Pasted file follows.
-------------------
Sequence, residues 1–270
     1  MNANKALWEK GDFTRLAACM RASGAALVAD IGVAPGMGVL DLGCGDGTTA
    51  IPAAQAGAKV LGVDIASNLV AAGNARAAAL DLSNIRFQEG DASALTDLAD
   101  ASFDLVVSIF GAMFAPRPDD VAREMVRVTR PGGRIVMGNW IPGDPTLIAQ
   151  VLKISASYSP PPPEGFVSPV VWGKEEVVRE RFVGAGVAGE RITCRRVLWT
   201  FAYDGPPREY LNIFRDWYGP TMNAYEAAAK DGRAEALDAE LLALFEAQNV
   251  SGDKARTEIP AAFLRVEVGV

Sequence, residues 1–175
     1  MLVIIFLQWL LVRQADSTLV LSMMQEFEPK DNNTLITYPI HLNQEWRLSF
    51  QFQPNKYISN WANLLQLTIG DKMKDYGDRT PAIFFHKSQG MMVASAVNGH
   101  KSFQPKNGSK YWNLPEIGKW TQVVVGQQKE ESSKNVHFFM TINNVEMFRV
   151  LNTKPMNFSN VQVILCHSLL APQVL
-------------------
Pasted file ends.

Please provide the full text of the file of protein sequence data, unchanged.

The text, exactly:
Sequence, residues 1–270
     1  MNANKALWEK GDFTRLAACM RASGAALVAD IGVAPGMGVL DLGCGDGTTA
    51  IPAAQAGAKV LGVDIASNLV AAGNARAAAL DLSNIRFQEG DASALTDLAD
   101  ASFDLVVSIF GAMFAPRPDD VAREMVRVTR PGGRIVMGNW IPGDPTLIAQ
   151  VLKISASYSP PPPEGFVSPV VWGKEEVVRE RFVGAGVAGE RITCRRVLWT
   201  FAYDGPPREY LNIFRDWYGP TMNAYEAAAK DGRAEALDAE LLALFEAQNV
   251  SGDKARTEIP AAFLRVEVGV

Sequence, residues 1–175
     1  MLVIIFLQWL LVRQADSTLV LSMMQEFEPK DNNTLITYPI HLNQEWRLSF
    51  QFQPNKYISN WANLLQLTIG DKMKDYGDRT PAIFFHKSQG MMVASAVNGH
   101  KSFQPKNGSK YWNLPEIGKW TQVVVGQQKE ESSKNVHFFM TINNVEMFRV
   151  LNTKPMNFSN VQVILCHSLL APQVL